Terminating an associate is never easy, nor is it something to consider lightly. If you're thinking about terminating an associate at your dental practice, not only do you want to be sure that you protect yourself and your practice, but that you take the right steps to remain a reasonable employer. Make sure you keep these key things in mind.
Before you call a meeting, sit down and read through the employment agreement. Make sure you aren't missing any key details of that agreement including details that could cause you to rethink your plans for termination.
Leading up to a termination meeting, make sure you document everything: any issues that have arisen, discussions with the associate about those problems, and any plans you've put in place to help implement improvements on both sides. Don't cease documentation just because you're ready to move forward with termination. You should consider including:
Never terminate an associate when angry, no matter the violation. You should avoid interacting angrily with the associate during your termination meeting or discussions, even if the associate gets angry with you or attempts to make things difficult. Make logical, practical decisions in the best interests of your practice and conduct practical interactions after you've had time to think them through. Consider:
When approaching the associate during a termination meeting, don't drag the meeting out unnecessarily. Instead, be as concise as possible. If terminating without cause, don't feel as though you must provide a reason for termination. If terminating with cause, keep the explanation clear and simple. You need not prolong the discussion with apologies or unnecessary details, instead, try to keep it as short and simple as possible. Give the associate room to process without dragging out the meeting. Keep in mind that the associate may have a very emotional reaction. You can allow the associate to collect him or herself without needing to stay in the room.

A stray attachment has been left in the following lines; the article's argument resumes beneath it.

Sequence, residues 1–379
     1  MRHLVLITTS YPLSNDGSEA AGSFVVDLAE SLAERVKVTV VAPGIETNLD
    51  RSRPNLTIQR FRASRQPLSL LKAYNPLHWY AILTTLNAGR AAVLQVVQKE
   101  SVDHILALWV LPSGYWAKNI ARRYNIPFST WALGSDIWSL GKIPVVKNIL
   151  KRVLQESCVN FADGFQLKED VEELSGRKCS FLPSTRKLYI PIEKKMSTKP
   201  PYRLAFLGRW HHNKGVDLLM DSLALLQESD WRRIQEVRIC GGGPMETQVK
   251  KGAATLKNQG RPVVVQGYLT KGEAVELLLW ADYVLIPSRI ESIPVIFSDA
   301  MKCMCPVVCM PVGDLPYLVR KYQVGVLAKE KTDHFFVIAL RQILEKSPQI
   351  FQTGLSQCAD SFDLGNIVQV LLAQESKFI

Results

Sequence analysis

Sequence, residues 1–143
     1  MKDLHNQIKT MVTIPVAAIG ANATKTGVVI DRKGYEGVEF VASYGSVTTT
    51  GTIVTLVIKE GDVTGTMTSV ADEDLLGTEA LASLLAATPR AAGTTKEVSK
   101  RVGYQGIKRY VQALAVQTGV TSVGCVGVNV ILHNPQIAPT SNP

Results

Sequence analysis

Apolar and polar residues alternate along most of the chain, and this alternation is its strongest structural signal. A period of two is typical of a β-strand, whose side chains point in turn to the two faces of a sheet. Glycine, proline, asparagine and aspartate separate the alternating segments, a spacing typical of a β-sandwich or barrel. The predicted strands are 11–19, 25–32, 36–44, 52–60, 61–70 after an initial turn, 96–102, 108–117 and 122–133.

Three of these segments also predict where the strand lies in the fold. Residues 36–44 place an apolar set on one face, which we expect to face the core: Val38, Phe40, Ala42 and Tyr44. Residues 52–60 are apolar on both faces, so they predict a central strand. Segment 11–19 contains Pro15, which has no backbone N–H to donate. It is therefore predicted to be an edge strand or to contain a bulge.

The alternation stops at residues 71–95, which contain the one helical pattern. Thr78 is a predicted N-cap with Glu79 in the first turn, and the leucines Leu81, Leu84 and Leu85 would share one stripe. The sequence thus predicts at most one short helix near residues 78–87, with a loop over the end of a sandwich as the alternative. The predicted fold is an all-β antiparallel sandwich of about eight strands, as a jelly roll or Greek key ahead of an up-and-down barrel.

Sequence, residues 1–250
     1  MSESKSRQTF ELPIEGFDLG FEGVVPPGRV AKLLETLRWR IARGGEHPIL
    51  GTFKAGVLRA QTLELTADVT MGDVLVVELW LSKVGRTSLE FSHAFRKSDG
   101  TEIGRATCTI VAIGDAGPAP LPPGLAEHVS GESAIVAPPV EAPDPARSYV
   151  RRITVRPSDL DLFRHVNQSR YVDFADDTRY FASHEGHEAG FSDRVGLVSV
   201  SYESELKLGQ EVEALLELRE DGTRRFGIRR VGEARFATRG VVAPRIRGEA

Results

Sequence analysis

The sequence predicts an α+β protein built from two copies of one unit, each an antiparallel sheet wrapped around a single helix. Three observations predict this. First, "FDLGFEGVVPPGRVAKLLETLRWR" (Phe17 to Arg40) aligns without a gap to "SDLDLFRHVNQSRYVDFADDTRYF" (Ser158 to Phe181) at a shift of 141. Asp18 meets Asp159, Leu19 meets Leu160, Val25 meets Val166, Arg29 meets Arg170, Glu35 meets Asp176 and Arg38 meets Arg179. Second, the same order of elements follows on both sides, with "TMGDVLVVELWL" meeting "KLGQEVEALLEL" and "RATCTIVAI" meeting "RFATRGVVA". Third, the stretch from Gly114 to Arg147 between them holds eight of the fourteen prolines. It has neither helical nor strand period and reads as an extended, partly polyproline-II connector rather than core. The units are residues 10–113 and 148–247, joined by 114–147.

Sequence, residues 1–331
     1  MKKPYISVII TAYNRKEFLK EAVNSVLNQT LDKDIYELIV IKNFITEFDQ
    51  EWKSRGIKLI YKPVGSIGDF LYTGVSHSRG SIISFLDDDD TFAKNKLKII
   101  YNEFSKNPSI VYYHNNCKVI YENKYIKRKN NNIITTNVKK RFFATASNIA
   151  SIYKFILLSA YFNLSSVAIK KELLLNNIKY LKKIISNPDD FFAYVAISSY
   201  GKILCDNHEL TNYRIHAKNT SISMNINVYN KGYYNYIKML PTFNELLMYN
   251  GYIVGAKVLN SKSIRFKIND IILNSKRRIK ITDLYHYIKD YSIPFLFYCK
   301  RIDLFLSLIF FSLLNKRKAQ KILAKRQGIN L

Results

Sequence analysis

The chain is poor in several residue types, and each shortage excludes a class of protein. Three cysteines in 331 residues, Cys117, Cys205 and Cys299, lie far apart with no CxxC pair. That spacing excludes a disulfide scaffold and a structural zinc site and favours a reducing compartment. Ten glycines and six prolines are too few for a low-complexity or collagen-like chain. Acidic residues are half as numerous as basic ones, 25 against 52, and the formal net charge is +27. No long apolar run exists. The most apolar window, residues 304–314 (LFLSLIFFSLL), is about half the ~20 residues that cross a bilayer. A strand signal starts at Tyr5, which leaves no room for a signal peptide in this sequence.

Terminating an associate isn't as simple as having them come into the office for a meeting, then leave, no longer employed by your practice. Think through the logistics before the termination meeting, including:
If you're concerned about any step in the termination process, seek legal counsel. Don't hesitate to contact an attorney early in the process, especially if you're concerned that problems may arise. Remember, it's better to consult an attorney before you need one than after you do something you can't take back. Ask any questions you might have about the process, including your ability to enforce any terms of your contracts.
Are you planning to terminate an associate of your practice? Contact us today to learn more about your legal obligations and how we can help you navigate that process.
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